It sounds like you're arguing that semantic uniformity doesn't matter, because we can change what "exists" means. But once you change what "exists" means, you will likely run into epistemological issues. If your mathematical objects aren't physical entities capable of interacting with the world, how can you have knowledge that is causally related to those entities? That's the dilemma of the argument above - it seems possible to get semantic uniformity at the expense of epistemological uniformity, or vice versa, but having both together is difficult.
I'm not super up-to-date on fictionalism, but I think I have a reasonable response to this.
When we are talking about fictional worlds, we understand that we have entered a new form of reasoning. In cases of fictional worlds, all parties usually understand that we are not talking about the standard predicate, "exists", we are talking about some other predicate, "fictionally-exists". You can detect this because if you ask people "do those three Jedi really exist?", they will probably say no.
However, with math, it's less clear that we are talking fictionally or talking only about propositions within an axiomatic system. We could swap out the "exists" predicate with something like "mathematically-exists" (within some specific axiom system), but it's less clear what the motivation is compared to fictional cases. People talk as if 2+2 does really equal 4, not just that its useful to pretend that it's true.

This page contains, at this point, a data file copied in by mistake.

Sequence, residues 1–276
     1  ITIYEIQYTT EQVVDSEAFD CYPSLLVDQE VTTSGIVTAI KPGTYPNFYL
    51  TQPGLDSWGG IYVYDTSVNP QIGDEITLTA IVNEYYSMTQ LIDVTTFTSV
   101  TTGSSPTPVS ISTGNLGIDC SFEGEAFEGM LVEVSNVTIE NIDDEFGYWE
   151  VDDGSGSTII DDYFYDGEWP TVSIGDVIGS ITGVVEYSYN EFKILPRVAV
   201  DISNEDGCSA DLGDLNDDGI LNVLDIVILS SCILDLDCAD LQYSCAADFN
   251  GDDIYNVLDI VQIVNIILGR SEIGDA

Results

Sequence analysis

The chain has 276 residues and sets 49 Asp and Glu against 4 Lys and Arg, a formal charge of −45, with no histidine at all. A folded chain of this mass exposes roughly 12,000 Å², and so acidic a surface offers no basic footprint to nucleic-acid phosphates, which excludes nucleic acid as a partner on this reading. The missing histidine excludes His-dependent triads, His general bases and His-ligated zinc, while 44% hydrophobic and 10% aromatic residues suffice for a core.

Hi! I really appreciate this reply, and I stewed on it for a bit. I think the crux of our disagreement comes down to definitions of things, and that we mostly agree except for definitions of some words.
Knowledge - I think knowledge has to be correct to be knowledge, otherwise you just think you have knowledge. It seems like we disagree here, and you think that knowledge just means a belief that is likely to be true (and for the right reason?). It's unclear to me how you would cash out "accurate map" for things that you can't physically observe like math, but I think I get the gist of your definition. Also, side note, justified true belief is not a widely held view in modern philosophy, most theories of truth go for justified true belief + something else.
Real - We both agree it doesn't matter for our day-to-day lives whether math is real or not. (It may matter for patent law, if it decides whether math is treated as an invention or a discovery!) I think that it would be nice to know whether math is real or not, and I try to understand the logical form of sentences I utter to know what fact about the world would make them true or false. So you say I "don't have to worry about" whether numbers are real, and I agree – their reality or non-reality is not causing me any problem, I'm just curious.
I also view epistemic uniformity as pretty important, because we should have the same standards of knowledge across all fields. You seem to think that mathematical knowledge doesn't exist, because mathematical "knowledge" is just what we have derived within a system. I can agree with that! The Benacerraf paper presents a big problem for realism, which you seem to buy - and you're willing to put up with losing semantic uniformity for it.
I think our differences comes down to how much we want semantic uniformity in a theory of truth of math.
Hi - looks like you did a relative link (https://www.lesswrong.com/capital-gains-in-agi-big.png) but you want this absolute link instead: https://www.jefftk.com/capital-gains-in-agi-big.png